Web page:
Global Brandemic: And the winners are…

2020 has been a stinger hasn’t it?

Most businesses are still in free fall where this pandemic is concerned. The impact on companies both large and small will be long talked about.

But it hasn’t been bad for everyone! For some, this pandemic has seen their brands leap from unknown to everyday household names and tiny sectors of the economy suddenly become vital. 


Don’t try to pretend you had heard of it before you started working from home. Now? Now the blue Zoom is etched into our retinas (metaphorically and literally) and aside from the 2 weeks where stories of spying and data breaches were circulating – it has pretty much single handed taken over as our new video communications tool of choice. The lack of glitchy drop-outs definitely helps but for a business that’s been around since 2013 they are considered to be the overnight success story of the corona virus. On July 15 the company announced Zoom for Home, a line of products designed around for those working from home. The first product, with software by Zoom and hardware by DTEN, is called DTEN ME. It consists of a 27-inch screen with three wide-angle cameras and eight microphones, with Zoom software preloaded on the device. It is expected to be available in August 2020.


OK not exactly a new business but Amazon are another brand that have been massively successful during the pandemic months. Let’s face it, if you were planning on starting a company a year ago that could capitalise on a potential global pandemic, it would probably look a lot like Amazon. From downloading books to occupy our new found ‘extra time’, to finding someone (anyone) who stocked toilet rolls – Amazon delivered (literally). When that box arrived, it smiled up at me with its distinctive yellow arrow and reassured me that the world outside was still operating and that it probably wasn’t going to end – at least not yet. Amazon have continued to grow even with issues around delivering in good time and they are predicted to emerge from the corona-crisis bigger and stronger than ever. That logo will be smiling for some time to come.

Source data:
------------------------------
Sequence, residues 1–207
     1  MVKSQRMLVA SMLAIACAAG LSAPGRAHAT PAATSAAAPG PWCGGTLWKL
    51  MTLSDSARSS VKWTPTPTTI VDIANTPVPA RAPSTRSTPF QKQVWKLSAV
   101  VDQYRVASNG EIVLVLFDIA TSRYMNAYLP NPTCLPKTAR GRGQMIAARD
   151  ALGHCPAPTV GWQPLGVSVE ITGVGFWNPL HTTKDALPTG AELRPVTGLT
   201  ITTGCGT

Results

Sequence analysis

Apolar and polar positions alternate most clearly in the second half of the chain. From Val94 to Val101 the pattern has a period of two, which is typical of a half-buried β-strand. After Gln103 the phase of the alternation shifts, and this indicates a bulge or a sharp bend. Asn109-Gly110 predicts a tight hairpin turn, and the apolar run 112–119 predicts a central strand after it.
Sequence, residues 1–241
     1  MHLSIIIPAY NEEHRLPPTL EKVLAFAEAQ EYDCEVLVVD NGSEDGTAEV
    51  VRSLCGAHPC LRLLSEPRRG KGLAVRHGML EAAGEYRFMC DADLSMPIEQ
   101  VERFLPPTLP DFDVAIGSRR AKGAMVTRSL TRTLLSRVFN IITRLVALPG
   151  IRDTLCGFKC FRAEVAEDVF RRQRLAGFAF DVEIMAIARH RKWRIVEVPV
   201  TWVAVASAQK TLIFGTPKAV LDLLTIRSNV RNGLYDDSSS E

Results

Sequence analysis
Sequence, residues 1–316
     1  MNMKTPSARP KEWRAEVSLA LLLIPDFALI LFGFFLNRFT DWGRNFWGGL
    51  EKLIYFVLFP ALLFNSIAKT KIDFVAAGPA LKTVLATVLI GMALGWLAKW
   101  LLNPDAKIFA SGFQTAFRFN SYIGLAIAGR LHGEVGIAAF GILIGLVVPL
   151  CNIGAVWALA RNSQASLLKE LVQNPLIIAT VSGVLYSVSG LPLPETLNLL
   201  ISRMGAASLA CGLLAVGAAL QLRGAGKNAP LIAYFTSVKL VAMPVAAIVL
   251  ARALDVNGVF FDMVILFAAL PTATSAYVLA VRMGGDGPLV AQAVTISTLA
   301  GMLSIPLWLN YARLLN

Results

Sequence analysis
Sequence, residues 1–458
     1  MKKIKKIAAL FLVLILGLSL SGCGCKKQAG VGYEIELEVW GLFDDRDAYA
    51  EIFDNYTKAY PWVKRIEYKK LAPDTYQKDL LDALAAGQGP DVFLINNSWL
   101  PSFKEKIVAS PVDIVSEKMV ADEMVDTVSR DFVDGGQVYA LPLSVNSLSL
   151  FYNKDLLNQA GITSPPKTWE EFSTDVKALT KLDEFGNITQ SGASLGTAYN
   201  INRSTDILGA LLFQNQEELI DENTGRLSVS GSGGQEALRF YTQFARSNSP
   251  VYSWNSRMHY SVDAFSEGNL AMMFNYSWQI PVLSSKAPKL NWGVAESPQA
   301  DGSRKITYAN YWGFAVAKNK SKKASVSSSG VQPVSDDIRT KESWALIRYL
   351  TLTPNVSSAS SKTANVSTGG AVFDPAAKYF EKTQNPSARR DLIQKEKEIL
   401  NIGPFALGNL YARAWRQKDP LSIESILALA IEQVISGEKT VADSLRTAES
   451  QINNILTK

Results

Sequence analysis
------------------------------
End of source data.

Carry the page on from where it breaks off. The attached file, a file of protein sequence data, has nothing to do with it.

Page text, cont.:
Plant-based foods

A slightly more surprising development of these uncertain times has been the success of plant-based foods. Food in general has been such a top topic of conversation. Due to the origins of the virus, never have we had more reason to think about what we eat or – more time on our hands to eat it! Chinese wet markets have been a hot topic, so it should come as no surprise that companies such as Beyond Meat have boomed in this environment. Although Beyond Meat has been in the Australian market since 2018, they have taken a strong marketing initiative during the pandemic to persuade consumers that plant-based foods are a great substitute to meat and it’s not necessary to switch to a full vegetarian diet but instead substitute veggie options a couple of times a week. The likes of Coles are already stocking Beyond Meat products and their distinctive logo is likely to become as recognisable as the ‘Australian Beef’ logo.

Takeaway delivery services

‘So, let me get this straight – you can order a single burger from McDonalds and have it delivered? Ha ha – that will never take off!”

In recent times it has felt a little like we had slipped into the fast lane on the highway towards the ultimate sedentary, sofa-isolated, dystopian future – too lazy now to even go out to get super-sized. Fast forward 6 months and delivering a pizza is an essential service! For many of us the contactless way in which food can get from takeaway chain to your dining table has elevated the humble delivery driver from bringer of our-once-a-week-treat to brown-bag legend, battling across the wasteland to drop packages of tastiness to the isolated hoards.

So while it has been tough times for many of us – some businesses are making serious headway. And it turns out you don’t need to be a creative agency to be creative! Whether it’s pivoting at the right time or just making sure you’re in the ‘right place at right time’ – in even the bleakest of times, good businesses just plough on.

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